Sushi, in my case, is one of the smartest meals to BYOB. All that white tuna nigiri and designer maki add up, and the drink-less bill often rivals my typical "dinner & drink" one. Steamer, my BYOB partner-in-crime, was in town on a rare occasion (he takes his wine-ing to Michigan during the summer months) so we decided to do things right and burst into Cafe Furaibo, bottles in tow.
The previously untested sushi place immediately secured a place on our "to be frequented often" roster. It's a blink-and-you'll-miss-it establishment, with a pretty wimpy sign (that we hope will keep the wimpy masses away). A party of literally about 25 took up the majority of the restaurant. We were delighted when they asked us if "outside" was OK (sushi and moonlight? Yes!), until we realized that "outside" meant a table in the lobby. Oddly enough, it was a comfortable setting: Our own nearly private room, with the odd diner wafting in and out.
We came armed with a Pinot Blanc, which was Steamer's choice, and one I have little interest in discussing, because when it comes to sushi, Sauvignon Blanc is my almost exclusive drink of choice. A tight schedule meant we had to select a pre-chilled bottle at Vas Foremost, so I opted for the 2003 Francis Coppola Diamond Collection Yellow Label Napa Valley Sauvignon Blanc, a white that pairs a lengthy name with a shortened price tag of about $10.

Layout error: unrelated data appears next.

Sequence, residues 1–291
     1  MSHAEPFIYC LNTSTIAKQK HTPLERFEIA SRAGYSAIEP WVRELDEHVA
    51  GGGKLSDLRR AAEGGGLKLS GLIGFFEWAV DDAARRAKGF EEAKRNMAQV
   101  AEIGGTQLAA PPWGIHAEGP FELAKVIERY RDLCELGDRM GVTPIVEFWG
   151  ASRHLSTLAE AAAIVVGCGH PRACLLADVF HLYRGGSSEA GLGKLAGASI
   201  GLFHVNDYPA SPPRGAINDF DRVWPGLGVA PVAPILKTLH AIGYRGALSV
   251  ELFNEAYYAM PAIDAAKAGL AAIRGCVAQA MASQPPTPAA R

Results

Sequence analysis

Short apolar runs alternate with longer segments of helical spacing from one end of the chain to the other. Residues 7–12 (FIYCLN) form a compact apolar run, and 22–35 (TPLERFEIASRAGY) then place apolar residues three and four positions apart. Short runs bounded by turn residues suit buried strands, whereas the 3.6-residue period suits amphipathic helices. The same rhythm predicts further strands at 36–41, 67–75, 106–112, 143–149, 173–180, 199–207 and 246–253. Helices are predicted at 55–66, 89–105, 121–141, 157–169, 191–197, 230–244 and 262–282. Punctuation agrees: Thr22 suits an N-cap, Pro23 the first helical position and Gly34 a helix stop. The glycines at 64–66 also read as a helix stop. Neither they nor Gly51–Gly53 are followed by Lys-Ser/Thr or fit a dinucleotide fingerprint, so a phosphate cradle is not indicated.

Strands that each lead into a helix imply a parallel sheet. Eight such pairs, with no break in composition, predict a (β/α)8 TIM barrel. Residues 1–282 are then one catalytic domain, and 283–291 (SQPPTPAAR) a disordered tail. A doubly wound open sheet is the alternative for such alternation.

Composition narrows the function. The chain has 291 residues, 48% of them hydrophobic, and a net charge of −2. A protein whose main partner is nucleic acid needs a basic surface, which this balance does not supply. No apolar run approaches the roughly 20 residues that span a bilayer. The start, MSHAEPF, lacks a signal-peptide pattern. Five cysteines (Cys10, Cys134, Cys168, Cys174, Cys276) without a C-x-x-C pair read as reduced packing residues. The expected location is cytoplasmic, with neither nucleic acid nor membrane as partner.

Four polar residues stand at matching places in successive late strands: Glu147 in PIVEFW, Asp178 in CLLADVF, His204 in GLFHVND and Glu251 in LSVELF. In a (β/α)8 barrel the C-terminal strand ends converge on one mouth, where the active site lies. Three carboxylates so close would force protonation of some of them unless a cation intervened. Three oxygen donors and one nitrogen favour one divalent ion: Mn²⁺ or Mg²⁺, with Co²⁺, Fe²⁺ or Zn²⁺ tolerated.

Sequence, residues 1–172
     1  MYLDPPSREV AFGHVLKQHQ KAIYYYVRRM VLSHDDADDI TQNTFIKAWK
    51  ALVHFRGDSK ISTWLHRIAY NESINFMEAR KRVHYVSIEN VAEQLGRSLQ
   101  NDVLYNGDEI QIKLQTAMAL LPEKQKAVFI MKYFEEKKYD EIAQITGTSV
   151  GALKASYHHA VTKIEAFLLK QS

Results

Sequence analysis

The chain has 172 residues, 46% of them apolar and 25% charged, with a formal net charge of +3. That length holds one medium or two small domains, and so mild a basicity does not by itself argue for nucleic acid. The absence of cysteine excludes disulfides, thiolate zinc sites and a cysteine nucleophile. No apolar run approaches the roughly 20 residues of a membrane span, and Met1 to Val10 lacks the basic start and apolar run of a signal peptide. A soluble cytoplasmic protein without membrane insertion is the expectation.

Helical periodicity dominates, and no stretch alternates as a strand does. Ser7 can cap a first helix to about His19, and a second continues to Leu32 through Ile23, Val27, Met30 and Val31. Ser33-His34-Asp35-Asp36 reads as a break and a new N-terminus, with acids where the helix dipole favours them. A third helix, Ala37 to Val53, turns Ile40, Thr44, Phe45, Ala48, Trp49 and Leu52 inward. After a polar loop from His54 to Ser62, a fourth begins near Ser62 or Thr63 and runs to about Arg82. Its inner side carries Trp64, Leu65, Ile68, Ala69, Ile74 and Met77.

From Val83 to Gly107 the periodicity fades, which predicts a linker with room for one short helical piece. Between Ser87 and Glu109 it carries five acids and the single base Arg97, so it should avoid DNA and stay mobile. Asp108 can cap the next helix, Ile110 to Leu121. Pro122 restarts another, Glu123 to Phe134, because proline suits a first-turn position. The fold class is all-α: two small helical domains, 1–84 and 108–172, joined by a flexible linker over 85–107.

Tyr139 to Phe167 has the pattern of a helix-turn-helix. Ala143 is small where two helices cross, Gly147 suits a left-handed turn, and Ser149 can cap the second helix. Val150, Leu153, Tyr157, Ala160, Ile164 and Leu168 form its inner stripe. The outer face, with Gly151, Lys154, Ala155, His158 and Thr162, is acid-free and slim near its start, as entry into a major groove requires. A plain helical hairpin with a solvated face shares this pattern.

It turned out to be the perfect accompaniment to our meal, which we kicked off, as always, with edamame and dollar bowls of steaming miso. We dug in when it came to the maki, pairing a few pieces of tuna, salmon and eel with the tangy, $7 Caribbean Secret, a mango-topped roll that housed yellowtail, asparagus, gourd and mayo, along with Cafe Furaibo's omnipresent treat: tempura flakes.
Donny's, a scallop roll with wasabi tobiko, shitake, avocado, asparagus and tempura crunches, provided just as complex a taste, washed down with the crisp, grapefruit and melon sips of white that proved as palate-cleansing as the ginger. The wine's fruit-driven taste will always trounce the herbal, oaky notes of chardonnay in a sushi-wine death match: quite simply, it allows the fish to shine.
On the bonus side, it's worth noting that most of the restaurant's specialty rolls, like the no-fail Rainbow Roll, take on the dimensions of a half-dollar, as they should be, versus the size of silver dollar pancakes. I don't think the bigger-is-better theory applies to maki, and appreciate non-super-size tendencies.
Zinny Fandel's tales of living the (mostly) BYOB life are intended to be attempted at home and in the community, preferably at BYOB restaurants.